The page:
You can probably hear the howls of anguish and disbelief from the Bishop Hill blog in Australia.

By lord_sidcup (not verified) on 20 Jul 2011 #permalink

lord_sidcup #5

I can already hear deniers at the wrong end of a game of 'Chinese Whispers' coming out with something like, '... and this is from Professor Jones of well known 'no significant warming' and 'destroyed data' malfeasance'. Hint deniers â wrong Professor Jones

That aside it is about time and I read with amusement in today's The Times (UK), (I never buy this but the wife brought in a copy of today's it being given away free) which I felt like donning NBC gear before approaching, Benny Peiser, director of the Global Warming Policy Foundation' (Lord Nigel Lawson's offspring) complaining,

'It is quit apparent that the report is using the 'science-is-settled' mantra as a smokescreen to silence critics of climate taxes and green policies'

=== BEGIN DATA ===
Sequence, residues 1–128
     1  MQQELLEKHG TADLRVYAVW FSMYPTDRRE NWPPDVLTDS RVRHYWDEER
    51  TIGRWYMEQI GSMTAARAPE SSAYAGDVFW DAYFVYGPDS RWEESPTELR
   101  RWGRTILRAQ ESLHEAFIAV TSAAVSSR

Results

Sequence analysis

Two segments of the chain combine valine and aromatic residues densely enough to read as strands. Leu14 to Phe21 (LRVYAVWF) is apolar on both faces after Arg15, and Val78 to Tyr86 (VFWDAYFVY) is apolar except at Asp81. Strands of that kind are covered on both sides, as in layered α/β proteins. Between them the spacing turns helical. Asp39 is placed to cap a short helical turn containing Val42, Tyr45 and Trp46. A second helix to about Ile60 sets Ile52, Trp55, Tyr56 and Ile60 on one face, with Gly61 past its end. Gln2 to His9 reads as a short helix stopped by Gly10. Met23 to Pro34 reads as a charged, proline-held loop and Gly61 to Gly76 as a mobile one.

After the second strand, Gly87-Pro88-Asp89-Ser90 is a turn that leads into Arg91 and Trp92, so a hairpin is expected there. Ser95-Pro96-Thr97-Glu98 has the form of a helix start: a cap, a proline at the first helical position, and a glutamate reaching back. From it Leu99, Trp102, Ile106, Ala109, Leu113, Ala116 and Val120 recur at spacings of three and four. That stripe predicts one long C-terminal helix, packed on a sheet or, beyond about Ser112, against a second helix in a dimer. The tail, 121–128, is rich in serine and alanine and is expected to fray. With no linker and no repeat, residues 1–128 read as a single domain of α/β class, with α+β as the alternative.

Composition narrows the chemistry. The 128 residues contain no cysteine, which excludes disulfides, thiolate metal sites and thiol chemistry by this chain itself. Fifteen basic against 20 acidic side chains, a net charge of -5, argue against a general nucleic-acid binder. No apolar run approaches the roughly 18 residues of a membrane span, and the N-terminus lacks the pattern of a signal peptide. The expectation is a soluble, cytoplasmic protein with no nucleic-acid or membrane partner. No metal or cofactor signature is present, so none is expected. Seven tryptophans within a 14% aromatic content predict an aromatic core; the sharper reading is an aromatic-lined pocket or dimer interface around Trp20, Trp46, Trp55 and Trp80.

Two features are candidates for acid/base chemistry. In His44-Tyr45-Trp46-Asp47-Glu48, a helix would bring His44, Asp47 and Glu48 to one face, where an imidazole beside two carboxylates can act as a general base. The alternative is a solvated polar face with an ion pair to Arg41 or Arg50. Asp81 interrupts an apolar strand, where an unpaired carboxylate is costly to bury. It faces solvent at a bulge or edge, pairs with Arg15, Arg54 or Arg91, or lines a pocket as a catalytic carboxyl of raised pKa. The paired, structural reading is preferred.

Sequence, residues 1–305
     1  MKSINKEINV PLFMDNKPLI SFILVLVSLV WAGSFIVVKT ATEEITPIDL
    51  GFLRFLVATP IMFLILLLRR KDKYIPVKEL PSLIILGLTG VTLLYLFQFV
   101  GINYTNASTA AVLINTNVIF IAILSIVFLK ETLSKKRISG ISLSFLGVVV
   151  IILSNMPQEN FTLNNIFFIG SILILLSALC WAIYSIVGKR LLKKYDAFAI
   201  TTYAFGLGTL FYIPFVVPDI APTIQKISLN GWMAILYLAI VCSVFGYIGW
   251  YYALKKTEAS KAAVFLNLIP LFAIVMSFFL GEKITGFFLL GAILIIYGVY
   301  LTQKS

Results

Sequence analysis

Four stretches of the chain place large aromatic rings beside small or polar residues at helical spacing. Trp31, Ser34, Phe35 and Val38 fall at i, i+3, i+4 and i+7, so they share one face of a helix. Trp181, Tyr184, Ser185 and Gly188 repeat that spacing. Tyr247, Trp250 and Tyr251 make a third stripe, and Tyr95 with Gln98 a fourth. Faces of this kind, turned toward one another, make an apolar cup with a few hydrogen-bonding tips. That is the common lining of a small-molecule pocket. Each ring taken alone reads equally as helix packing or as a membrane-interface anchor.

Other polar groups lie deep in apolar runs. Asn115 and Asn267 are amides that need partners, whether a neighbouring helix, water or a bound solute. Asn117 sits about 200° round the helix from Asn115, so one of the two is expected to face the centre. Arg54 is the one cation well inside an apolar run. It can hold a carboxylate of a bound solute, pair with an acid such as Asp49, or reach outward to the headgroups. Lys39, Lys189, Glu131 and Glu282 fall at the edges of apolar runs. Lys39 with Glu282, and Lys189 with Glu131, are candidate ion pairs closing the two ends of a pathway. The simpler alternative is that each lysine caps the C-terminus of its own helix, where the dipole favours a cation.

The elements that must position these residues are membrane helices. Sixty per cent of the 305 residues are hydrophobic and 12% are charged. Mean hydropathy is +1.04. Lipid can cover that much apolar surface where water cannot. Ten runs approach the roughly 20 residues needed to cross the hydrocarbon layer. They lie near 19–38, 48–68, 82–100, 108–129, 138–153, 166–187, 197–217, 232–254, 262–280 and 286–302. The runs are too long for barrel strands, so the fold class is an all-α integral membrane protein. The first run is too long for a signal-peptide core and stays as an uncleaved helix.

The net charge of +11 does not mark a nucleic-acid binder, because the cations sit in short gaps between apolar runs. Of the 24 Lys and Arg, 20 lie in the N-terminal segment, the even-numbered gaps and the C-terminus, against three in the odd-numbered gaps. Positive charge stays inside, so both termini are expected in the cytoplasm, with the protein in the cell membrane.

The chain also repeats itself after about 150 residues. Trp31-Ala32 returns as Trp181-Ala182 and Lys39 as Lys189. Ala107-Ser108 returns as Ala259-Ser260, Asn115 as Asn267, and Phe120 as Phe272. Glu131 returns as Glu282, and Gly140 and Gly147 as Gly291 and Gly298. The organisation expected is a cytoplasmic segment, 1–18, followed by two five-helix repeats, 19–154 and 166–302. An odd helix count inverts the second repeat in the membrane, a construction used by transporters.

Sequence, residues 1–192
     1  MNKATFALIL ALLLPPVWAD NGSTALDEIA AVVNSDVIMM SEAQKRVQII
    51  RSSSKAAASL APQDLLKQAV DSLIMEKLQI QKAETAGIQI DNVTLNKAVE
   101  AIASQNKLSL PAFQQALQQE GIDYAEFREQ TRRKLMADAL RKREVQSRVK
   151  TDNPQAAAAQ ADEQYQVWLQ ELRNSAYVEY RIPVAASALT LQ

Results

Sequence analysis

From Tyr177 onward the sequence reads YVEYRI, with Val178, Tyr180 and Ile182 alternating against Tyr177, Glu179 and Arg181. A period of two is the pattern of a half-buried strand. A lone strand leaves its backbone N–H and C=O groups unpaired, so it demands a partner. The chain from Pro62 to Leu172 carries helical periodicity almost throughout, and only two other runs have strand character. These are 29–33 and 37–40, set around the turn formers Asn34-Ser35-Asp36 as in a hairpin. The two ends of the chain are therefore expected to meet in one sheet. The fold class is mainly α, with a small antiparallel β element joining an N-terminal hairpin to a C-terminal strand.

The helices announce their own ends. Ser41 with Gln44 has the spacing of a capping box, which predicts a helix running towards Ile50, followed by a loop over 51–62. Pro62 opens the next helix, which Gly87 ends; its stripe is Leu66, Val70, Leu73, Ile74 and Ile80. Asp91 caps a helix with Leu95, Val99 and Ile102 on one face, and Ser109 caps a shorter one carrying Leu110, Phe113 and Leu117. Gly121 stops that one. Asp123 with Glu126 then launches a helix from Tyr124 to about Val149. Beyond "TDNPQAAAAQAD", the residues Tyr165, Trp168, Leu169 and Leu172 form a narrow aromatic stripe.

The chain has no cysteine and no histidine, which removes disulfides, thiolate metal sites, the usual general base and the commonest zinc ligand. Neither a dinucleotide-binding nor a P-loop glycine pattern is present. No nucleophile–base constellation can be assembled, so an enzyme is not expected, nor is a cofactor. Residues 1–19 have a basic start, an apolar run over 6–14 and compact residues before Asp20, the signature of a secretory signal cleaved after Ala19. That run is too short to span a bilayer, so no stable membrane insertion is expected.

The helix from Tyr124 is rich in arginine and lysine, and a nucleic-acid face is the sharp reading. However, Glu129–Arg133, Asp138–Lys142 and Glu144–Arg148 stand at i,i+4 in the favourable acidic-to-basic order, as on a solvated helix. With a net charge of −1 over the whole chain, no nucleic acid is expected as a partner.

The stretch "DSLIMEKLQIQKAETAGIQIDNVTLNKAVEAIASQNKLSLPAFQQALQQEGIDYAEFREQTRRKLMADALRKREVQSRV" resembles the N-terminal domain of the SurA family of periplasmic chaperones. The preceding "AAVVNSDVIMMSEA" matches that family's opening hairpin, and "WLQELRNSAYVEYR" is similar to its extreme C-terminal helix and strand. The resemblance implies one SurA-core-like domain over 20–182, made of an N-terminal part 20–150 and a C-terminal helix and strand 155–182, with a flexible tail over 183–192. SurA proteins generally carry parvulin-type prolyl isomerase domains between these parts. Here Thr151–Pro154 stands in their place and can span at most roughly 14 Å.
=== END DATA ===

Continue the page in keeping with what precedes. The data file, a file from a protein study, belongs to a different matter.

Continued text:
I won't bother linking to the 'BBC's 'False balance' distorting scientific issues, report says' article in the The Times which is, I believe, behind a paywall.

Tut, tut, those dirty communist socialist fascist greens get in everywhere Benny â get used to it!

"You can probably hear the howls of anguish and disbelief from the Bishop Hill conspiracy book promo blog in Australia".

Corrected that for you lord_s.

Australia doing better than Canada?! Ouch! I really thought we would have beaten Australia in this regard. sigh. Embarrassing, disgusting, disheartening.

By Daniel J. Andrews (not verified) on 21 Jul 2011 #permalink

But for the overweening ambition of Tony Abbott, and for the vote of just one of his Coalition colleagues in 2007, Australia would be several shades greener on that map.